Record number of JROTC Cadets enter U.S. Army National Raider Challenge Championships
November 4, 2013
MOLENA, Ga. -- It was a cloudy, rainy start to the 2013 National Raider Challenge Championships but by the end of Friday, Nov. 1, more than 1,100 Cadets-- a record number -- had registered for the event.
The host school, Cedar Shoals High School from Athens Ga., spent most of the day setting up the course at the Gerald Lawhorn Scouting Base and laying out equipment. Retired 1st Sgt. Antione Clark said his team's responsibility was to set up the entire course before the event, ensure every venue is up to standard, conduct and safety review and provide support on the actual day of the competition.
"Our main concern will be the safety of all the participants," he said. "So we try to make sure the courses are well marked and all obstacles in the lanes or embedded in the trails were also well marked."
He added that all the equipment used for the competition belongs to Cedar Shoals JROTC, and they went over everything to make sure it was all in good working condition.
While Clark's set-up team finished the preparations, participants from all over the U.S. started to check in.
Francis Lewis High School from Fresh Meadows, N.Y., planned to defend its female division championship, while Osborne High School out of Marietta Ga., tried to recapture the male division title. Grissom High School from Huntsville, Ala., would shoot for a repeat of the mixed division title.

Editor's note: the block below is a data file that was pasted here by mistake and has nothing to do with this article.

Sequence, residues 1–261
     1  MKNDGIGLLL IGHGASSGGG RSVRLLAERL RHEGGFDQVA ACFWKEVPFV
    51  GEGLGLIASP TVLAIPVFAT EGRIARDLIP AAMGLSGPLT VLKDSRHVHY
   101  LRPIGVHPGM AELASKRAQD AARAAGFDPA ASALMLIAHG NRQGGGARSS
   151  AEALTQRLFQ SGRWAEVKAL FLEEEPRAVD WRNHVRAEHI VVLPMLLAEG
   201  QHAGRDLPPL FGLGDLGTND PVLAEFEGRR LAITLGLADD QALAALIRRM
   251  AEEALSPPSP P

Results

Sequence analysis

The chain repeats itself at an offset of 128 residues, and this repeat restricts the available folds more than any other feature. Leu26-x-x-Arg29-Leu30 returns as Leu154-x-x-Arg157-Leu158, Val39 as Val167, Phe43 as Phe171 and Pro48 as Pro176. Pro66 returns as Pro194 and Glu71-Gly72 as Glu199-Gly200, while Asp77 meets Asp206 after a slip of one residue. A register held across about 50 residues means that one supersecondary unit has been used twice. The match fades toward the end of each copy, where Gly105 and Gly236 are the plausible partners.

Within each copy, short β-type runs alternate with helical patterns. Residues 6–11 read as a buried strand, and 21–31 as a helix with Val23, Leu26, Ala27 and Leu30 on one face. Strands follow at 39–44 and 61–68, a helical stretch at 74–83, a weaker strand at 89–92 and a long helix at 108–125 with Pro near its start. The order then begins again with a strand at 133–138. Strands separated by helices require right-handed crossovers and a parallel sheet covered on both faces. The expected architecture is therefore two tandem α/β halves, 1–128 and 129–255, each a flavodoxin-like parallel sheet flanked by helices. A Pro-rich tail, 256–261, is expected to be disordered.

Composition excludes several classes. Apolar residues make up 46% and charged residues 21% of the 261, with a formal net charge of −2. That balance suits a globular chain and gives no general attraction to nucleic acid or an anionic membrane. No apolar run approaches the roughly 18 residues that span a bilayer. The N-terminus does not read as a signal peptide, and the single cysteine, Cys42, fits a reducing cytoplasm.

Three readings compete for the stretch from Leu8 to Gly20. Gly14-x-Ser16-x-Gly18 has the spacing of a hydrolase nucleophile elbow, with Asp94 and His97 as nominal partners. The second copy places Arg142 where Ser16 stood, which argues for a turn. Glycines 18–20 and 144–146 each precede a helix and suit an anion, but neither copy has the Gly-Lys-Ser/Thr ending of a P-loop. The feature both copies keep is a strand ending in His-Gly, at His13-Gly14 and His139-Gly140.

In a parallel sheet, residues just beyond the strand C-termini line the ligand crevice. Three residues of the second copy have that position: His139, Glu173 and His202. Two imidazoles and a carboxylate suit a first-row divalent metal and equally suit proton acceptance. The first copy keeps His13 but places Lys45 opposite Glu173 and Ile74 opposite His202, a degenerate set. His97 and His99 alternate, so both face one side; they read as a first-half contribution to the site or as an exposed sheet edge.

But the competition was stiff.
East Valley High School from Yakima, Wash., traveled across the United States for only the second time to show their competition that they have what it takes to take home a championship. But they would have to battle schools from places like El Paso, Texas, Jackson, Mich., and Grant County Ky.
Retired Command Sgt. Maj. Charles Duffee, Grant County High School's senior JROTC instructor, said that although the trip to Molena is a long drive and is pricey, he is here for the Cadets.
Duffee said it's important to teach young people discipline, respect and dignity for themselves and for the people around them and appreciation for community service. They also need to learn that they shouldn't judge someone just because of where they are from, what their religion, or what they look like.
"They get to learn about teamwork, respect for themselves and their competition, they get to test themselves against the training we did," Duffee said. "I am here because if they do well, Grant County gets a big boost. They can say that these achievements are theirs too and the great things these kids do shine on the community."